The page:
The winter is definitely over at Halley now. There’s more new people on station now than us – the 2014 Wintering Team, we’re working more days and longer hours, the base every now and then looks like a construction site and the sun is up over the horizon for 24 hours a day.
I’m aware that yet again I’ve let the blog slip a little and haven’t posted anything in a while, so in this article I will tell you what I have been up to recently.
More flights in and out
We had a few more flights in and out recently – the ALCI Baslers brought quite a bit more cargo (mainly spares for the station) and a few more people, then we had our own Twin Otters come in a few times again with people and a little bit of cargo and post, and finally the Polar 6 came in for a night or two.
One of those days was particularly intensive, with a very early morning start (0530). We had the two ALCI flights in and out, and the BAS Twin Otter was leaving that morning too. In the end we spent some six hours on the Skiway, in -10°C and 25 knot wind.
Building moves and perimeter tidy up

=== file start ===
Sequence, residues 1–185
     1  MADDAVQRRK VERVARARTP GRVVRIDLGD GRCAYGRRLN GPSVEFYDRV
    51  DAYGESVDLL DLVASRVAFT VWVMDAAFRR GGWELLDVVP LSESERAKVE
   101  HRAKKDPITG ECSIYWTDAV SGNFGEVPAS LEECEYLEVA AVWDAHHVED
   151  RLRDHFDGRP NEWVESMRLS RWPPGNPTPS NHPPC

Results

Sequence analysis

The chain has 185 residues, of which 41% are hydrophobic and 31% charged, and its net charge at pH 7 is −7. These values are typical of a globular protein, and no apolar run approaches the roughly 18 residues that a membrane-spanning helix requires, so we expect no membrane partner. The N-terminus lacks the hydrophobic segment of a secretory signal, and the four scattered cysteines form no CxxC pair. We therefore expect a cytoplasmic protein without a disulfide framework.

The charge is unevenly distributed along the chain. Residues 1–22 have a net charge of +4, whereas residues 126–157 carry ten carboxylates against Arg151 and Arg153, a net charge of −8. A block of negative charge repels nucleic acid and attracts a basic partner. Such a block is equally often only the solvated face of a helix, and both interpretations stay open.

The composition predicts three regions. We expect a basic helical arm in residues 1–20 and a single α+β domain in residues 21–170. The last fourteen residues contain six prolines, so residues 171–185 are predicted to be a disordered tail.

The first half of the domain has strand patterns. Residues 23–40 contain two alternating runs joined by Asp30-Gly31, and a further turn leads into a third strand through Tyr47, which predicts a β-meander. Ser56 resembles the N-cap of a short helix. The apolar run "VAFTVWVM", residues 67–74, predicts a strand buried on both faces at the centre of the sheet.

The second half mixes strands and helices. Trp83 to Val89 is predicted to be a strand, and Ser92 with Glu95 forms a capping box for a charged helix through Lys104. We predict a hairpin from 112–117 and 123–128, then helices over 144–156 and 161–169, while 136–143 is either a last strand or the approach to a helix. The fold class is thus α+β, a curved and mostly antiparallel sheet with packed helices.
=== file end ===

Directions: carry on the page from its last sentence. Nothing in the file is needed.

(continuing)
As summer came in, we started the preparation for the building moves. Each year, every building at Halley needs to be raised and moved to a new site, to avoid burying. This year we managed to move all buildings except for the main modules (which don’t typically need moving, just raising) already. All this, of course, means a lot of snow digging and shovelling!
We also used the opportunity of good weather and moved around a couple of hundred Avtur drums (each 205L in capacity), to free up some German Sledges for relief, as well as tidied up the empty drums and dug out and moved all sledges, again for snow management.
The last few weeks saw quite a progress on the Science restart. For those of you who don’t know, we had a major power down in the middle of winter, which resulted in most of the Science shutting down completely. It is only now that we’re in a position to start everything up and we’re making a good progress.
Ice Climbing Trip
Finally, it’s not all work, work, work. We managed to arrange an ice climbing trip to Creek 3 (thanks to our Guide, Al). We spent a brilliant day last Sunday climbing the icy cliffs and had a wander over the sea ice to see some 500 emperor penguins which most likely came in there from their main colony at Windy Bay.